Veteran presenter resigns


KOWIE FM’s most experienced presenter resigned last week after controversy arose over him allegedly personally benefiting from his show.

David Mills, who has 50 years of broadcasting experience and got his start at the BBC, was the presenter of Kowie FM’s 9am-11am on Sundays, which catered to an older audience.

The 73-year-old was one of the community radio station’s volunteer presenters, who receive no remuneration.

Mills approached TotT last week after walking out on the Kowie FM following an argument with station manager Shaun van Heerden.

“Last Monday Shaun told me there was a new policy by the new board that no presenter could personally benefit from their own show,” Mills said.

“I have equipment that can convert LPs and tapes to CDs. It also cleans it up and gets rid of noise from scratches. I have mentioned this on my show, but they said I can’t,” Mills explained.

“I’m not getting paid for this show, or the research and writing involved – I have access to the BBC library in London – and I’m just mentioning a service I have. It’s not like I’m making a profit.”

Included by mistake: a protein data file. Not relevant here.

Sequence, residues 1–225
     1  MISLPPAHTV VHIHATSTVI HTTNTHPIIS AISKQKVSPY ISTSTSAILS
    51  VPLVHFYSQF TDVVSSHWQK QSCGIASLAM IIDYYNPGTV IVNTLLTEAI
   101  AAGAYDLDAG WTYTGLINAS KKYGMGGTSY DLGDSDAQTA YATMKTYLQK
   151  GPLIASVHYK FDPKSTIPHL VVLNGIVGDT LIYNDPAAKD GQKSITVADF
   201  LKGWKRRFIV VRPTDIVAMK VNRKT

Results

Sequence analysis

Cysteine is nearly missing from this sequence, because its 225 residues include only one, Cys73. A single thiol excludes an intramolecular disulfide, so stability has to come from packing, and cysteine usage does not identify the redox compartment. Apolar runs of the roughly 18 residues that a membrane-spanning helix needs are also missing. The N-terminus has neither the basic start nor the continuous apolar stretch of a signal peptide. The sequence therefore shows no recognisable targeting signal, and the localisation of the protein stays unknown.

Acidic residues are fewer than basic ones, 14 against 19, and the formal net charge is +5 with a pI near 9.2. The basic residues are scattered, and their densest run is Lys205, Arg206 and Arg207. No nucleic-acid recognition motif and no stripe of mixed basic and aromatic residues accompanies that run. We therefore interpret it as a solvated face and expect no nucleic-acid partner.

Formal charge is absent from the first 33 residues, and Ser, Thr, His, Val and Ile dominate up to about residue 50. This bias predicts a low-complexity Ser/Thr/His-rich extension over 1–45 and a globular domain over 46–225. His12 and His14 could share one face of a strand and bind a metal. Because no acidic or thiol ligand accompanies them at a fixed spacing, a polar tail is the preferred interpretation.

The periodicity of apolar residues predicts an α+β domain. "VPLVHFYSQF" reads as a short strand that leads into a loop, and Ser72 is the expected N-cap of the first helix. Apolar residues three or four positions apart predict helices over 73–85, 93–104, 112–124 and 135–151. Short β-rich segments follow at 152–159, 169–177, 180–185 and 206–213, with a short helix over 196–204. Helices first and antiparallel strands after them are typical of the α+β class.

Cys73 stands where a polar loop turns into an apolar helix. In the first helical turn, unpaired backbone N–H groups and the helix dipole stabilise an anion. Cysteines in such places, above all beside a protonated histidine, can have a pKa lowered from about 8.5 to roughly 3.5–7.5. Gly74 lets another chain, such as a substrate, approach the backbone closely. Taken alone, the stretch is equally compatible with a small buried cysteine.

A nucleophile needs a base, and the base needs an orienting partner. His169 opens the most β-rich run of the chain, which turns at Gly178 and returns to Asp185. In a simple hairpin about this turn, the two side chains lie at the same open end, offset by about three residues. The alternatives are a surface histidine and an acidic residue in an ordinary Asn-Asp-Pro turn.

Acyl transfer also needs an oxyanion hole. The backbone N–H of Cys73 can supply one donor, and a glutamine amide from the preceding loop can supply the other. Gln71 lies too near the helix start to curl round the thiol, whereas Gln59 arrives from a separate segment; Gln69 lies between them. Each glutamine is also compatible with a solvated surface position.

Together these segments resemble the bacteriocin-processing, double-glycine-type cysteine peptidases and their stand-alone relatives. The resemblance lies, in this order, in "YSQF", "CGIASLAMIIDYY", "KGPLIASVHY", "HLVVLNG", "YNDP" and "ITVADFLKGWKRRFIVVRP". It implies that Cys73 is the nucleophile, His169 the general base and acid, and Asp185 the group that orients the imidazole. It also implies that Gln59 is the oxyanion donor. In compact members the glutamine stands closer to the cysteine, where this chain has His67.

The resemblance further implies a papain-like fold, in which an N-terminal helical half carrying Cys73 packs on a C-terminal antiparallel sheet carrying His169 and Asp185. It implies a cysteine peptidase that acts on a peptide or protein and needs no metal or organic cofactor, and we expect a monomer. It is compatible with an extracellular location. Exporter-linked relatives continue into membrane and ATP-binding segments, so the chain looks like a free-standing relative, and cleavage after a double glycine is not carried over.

In his argument with Van Heerden, Mills claimed the station manager said their “accountants” had advised them that Mills’ mention of his music conversion service should not be allowed.

“I asked, ‘Are accountants running the show?’ and he said yes.”

“So I said if that’s the way it’s going to be then find someone else for the Sunday show.”

Van Heerden was asked to comment but declined to speak on the record.

Mills also told TotT he had helped oust the River Group and vote in a new board at the Kowie FM AGM in July, and he was disappointed in how he was being treated by the station’s new management.

“(New board chairman) Robbie Blake asked me to round up people to vote against River Group at the AGM and I managed to get 50 people to come,” said Mills.

Blake declined to respond to Mills’ allegations this week, but said: “The various issues you have raised will be dealt with at the next board meeting on September 24”.

“A large percentage of people living here are retired people. They often request the kind of music I have,” said Mills. “I just want people to know why I’m not on the air on Sundays anymore.”

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